Friday, May 15, 2015
Dark Star: H.R. Giger's World (2014)
But despite its title, in Belinda Sallin's documentary, Dark Star: H.R. Giger's World, we don't actually explore the artist's world all that much.
We do, however, spend a lot of time exploring his yard.
A nightmarish sculpture garden featuring Giger's surreal and often horrifying work, including a fountain and a one-person train that travels through the yard, the images are striking. The lush greenery provides an amazing contrast to the frightening precision of Giger's art. But that the garden is overgrown and the sculptures have clearly seen better days make the whole scene a little sad.
In fact, the whole documentary feels a little sad. Filmed in the last year of Giger's life, the artist spends most of his screen time in black pajamas, shuffling from one room to another. While he opens up a bit and there's a few shots of him sketching, he's mostly seen watching TV or petting his cat.
Instead, most of the talking is done by an odd collection of superfans that someone came into Giger's orbit, including psychiatrist Stanislav Grof, who wrote a book about Giger; metal musician Tom Gabriel Fischer (formerly of the band Celtic Frost) who works as Giger's assistant; and current wife, Carmen Marie Giger. They go on and on about Giger's deep connection to the darkness, his ability to convey the trauma of birth, his ability to combine the organic with the mechanical and ... and ... and ... these people certainly can talk a lot about Giger without really saying anything of depth. (Giger, himself, when asked about his work tends to shrug it off with a "I just paint what I like.")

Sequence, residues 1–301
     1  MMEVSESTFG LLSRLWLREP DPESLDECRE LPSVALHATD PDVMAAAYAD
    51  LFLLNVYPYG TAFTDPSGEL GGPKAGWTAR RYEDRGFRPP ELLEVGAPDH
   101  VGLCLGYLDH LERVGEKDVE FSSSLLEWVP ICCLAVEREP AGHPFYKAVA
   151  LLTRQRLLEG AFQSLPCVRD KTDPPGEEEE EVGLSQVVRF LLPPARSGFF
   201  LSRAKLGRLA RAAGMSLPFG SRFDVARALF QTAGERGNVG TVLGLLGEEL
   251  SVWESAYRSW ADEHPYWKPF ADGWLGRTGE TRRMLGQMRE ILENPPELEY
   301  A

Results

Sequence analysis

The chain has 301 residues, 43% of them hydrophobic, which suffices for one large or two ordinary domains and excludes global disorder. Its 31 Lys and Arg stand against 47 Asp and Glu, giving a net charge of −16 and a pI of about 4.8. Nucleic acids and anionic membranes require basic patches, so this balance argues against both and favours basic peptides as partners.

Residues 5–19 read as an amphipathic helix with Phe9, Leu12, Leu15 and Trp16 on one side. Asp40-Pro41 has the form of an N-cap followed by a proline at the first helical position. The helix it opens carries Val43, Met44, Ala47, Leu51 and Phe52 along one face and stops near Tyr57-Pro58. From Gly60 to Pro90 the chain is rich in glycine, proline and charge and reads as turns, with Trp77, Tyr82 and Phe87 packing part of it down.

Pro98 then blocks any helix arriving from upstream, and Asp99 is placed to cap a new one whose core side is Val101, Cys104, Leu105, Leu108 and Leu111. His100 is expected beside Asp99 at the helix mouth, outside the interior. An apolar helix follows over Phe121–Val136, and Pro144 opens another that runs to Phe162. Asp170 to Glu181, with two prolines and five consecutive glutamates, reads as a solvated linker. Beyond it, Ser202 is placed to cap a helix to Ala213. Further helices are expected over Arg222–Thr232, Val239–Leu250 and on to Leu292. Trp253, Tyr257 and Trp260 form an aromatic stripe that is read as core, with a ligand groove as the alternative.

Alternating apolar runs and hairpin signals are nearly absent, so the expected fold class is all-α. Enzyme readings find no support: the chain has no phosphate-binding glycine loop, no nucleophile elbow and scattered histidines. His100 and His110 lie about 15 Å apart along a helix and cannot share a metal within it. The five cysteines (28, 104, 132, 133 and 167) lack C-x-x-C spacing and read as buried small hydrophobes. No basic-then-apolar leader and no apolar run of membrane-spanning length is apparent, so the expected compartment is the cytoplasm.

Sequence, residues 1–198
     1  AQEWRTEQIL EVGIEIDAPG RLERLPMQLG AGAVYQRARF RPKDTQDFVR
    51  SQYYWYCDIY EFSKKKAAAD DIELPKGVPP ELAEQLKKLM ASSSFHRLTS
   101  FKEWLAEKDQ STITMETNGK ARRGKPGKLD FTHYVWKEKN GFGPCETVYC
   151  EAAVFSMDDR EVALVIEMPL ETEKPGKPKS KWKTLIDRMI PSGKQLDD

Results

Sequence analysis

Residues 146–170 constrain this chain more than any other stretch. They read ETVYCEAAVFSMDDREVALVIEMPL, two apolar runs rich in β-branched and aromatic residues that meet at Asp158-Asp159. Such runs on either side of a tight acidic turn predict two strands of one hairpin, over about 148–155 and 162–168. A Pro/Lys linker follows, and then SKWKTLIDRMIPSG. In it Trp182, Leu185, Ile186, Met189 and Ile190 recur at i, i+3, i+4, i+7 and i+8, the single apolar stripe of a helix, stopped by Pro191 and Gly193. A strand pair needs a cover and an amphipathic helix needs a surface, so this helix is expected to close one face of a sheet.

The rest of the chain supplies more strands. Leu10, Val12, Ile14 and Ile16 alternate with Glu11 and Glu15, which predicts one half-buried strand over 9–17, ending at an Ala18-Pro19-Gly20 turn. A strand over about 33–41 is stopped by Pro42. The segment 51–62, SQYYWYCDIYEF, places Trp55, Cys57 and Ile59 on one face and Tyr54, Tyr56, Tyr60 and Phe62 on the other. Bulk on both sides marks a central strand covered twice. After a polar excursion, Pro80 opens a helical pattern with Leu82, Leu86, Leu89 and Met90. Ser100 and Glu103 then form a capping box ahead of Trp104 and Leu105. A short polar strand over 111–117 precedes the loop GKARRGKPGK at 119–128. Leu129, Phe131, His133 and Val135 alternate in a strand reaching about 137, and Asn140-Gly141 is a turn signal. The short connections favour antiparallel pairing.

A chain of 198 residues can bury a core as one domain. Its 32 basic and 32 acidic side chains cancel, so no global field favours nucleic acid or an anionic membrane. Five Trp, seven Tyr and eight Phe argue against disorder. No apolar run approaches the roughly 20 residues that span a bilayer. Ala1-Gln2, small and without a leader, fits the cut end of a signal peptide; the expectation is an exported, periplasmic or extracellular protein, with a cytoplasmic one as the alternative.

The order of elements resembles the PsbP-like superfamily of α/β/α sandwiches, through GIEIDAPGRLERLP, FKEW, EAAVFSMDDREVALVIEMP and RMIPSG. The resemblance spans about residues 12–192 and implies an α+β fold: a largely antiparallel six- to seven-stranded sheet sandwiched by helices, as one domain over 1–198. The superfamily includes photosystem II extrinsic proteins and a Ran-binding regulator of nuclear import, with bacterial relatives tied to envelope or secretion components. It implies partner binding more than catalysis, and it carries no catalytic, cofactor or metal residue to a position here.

Old images and archival footage from Giger's younger days (including on the set of Alien) do bring a spark of interest to the film, but are presented without much context. Interviews with two of his former partners do reveal a certain depth and a warmer side of Giger, but there's little of that.
Maybe most egregiously, his pivotal relationship with Li Tobler, who was the model for several of his paintings, and her subsequent suicide, is somewhat glossed over as "Oh yeah, that was pretty hard" so we can return to more superfans and shots of Giger's mother-in-law complaining about 20th Century Fox and Fischer stapling papers together.
Even moments that should be emotional -- a signing at a gallery where teary-eyed fans show off their tattoos and just seemed honored to meet him -- are shot from a distance. The filmmakers didn't talk to any of these fans and we never get to find out what is going on in their heads. Instead, we get the gallery's curator talking more about darkness and the future and more related nonsense.
Sadly, Giger died just a few days after filming of Dark Star was completed, so this is likely going to be the final record (at least from him). If you're a fan of Giger's work, you'll at least get to see a lot of it. If you want to hear people sit around and say the deep things you said to each other in college, you'll get to hear that. If you want to understand who H.R. Giger was, this documentary won't do it.
That yard was pretty cool, though.